Almost any plastic on land has the potential to reach the oceans via rivers and streams. Every year, up to 15 million metric tons of plastic reaches our oceans. A 2020 study by Science Advances found that the United States generates more plastic waste than any other nation in the world, some 42 million metric tons each year—the equivalent of 287 pounds per person. Of that, less than 9 percent of discarded plastic is recycled, according to fairly recent statistics available from the Environmental Protection Agency.
Why is the amount of plastic proliferating? Since 1966, there has been a 20-fold increase in plastic production, and the rate of recycling has not kept up. Scientists predict that the amount dumped in our oceans will triple in 20 years. This is already a health and environmental crisis. Our landfills are filled to capacity, and when plastics are sent to incinerators and burned, they release dangerous chemicals and particulates that are known to cause respiratory ailments and cancer, and stress human immune systems.
One of the strategies to address this crisis is to hold manufacturers responsible for their plastic packaging, and to require them to find alternatives, such as redesigning packaging with less or no plastic, or packaging that can be refilled and reused.
In a well-intentioned effort to divert plastic material from landfills and raise recycling rates, Governor Kathy Hochul has included a provision in her executive budget calling for Extended Producer Responsibility for packaging (EPR). However, experts, including Judith Enck, president of Beyond Plastics and a former EPA Regional Director, say the EPR proposal doesn’t go far enough. It needs to be strengthened and expanded. For one thing, it should prohibit the incineration of plastic bottles and ban garbage burning. It should hold companies accountable, rather than giving them control of the program. A strong EPR law would eliminate toxics in packaging, and use the fees collected for taxpayer relief and investments in reuse and recycling infrastructure. And it would set strong packaging reductions, recycling rates, and recycled content standards.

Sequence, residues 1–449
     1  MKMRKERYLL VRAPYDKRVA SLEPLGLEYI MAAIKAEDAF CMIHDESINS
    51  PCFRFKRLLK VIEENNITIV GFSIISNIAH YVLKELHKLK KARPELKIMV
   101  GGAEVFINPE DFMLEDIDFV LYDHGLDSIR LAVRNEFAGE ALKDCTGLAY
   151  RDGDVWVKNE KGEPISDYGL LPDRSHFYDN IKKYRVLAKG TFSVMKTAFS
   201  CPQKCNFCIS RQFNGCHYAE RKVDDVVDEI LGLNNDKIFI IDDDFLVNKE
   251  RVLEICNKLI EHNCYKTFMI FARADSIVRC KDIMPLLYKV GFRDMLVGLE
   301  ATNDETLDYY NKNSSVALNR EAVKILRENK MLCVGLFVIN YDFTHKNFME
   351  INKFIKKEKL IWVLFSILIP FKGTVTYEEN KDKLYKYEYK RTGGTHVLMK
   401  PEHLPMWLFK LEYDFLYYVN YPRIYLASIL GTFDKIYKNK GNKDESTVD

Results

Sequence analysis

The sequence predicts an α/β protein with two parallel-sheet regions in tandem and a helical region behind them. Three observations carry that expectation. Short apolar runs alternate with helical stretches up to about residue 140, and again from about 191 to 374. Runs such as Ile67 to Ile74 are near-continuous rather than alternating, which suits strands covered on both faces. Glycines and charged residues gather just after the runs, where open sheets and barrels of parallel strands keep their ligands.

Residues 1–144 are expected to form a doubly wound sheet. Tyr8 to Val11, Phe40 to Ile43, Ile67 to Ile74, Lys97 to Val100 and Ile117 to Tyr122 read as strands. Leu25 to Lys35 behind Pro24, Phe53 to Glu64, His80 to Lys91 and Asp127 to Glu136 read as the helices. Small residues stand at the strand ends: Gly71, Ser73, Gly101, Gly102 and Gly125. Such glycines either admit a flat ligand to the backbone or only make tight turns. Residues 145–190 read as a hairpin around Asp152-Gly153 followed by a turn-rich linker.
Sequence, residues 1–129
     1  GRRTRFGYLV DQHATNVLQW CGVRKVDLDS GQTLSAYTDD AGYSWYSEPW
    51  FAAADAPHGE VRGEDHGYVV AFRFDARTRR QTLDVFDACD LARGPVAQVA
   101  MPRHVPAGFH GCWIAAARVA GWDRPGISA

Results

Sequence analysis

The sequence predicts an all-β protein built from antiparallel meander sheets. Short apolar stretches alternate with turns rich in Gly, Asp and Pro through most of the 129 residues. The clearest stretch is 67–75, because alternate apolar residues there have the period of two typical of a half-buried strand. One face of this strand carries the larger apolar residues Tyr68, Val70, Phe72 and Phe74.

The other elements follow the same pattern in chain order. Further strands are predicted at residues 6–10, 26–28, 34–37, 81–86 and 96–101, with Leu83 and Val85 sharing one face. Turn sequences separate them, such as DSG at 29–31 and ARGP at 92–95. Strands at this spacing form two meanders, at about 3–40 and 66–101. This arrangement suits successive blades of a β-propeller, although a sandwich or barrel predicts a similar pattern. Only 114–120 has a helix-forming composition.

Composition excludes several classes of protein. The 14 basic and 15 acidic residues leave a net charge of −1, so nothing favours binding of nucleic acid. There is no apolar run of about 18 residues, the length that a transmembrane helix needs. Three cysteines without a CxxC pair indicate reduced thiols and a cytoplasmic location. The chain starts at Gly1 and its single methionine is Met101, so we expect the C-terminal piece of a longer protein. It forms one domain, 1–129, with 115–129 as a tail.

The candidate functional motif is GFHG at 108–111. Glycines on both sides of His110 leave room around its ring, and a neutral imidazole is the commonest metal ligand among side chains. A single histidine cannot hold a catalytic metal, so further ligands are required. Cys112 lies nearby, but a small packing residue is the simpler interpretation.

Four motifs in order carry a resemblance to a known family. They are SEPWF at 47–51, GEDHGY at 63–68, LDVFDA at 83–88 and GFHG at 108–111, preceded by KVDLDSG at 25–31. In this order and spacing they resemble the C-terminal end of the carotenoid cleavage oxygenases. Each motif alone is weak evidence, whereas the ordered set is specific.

Additionally, Governor Hochul didn’t mention expanding the 40-year-old “Bottle Bill” ($.05 deposit/$.05 redemption on bottles and aluminum cans) in her State of the State address last month, or include it in her executive budget proposal unveiled soon after. This bill has been a success—aluminum cans with a deposit on them have seen a 78 percent recycling rate versus a 36 percent recycling rate on non-deposit cans—a difference evident across the board. “It’s quite remarkable that a modest deposit makes such a difference,” Enck says.
We need to update and expand the current Bottle Bill. A coalition of more than 150 environmental, civic, and community groups, including bottle distributors and redemption centers, have called on Governor Hochul to include a “bigger, better bottle bill” in this year’s state budget to get this legislation included. Accomplishing that could mean increasing the deposit amount from a nickel to a dime for a greater incentive to recycle, and expanding the number of different containers covered by the bill to include containers that hold liquor and other beverages.
It is so hard to get these bills through the legislature, and a weak EPR bill does more damage because it slows the process of having an effective bill on the books. Legislative decisions will be made by April 1. Please take a few minutes out of your busy life to call your state Senate and Assembly representatives and tell them that we need an effective EPR bill and a bigger, better Bottle Bill as proposed by Assembly member Steve Englebright—not the one the Governor has proposed—to start to tackle this huge global crisis of plastic pollution affecting our planet, health, and livelihoods. Your voice matters.
The River is a nonpartisan news organization, and the opinions of columnists and editorial writers do not necessarily reflect the opinions of the newsroom.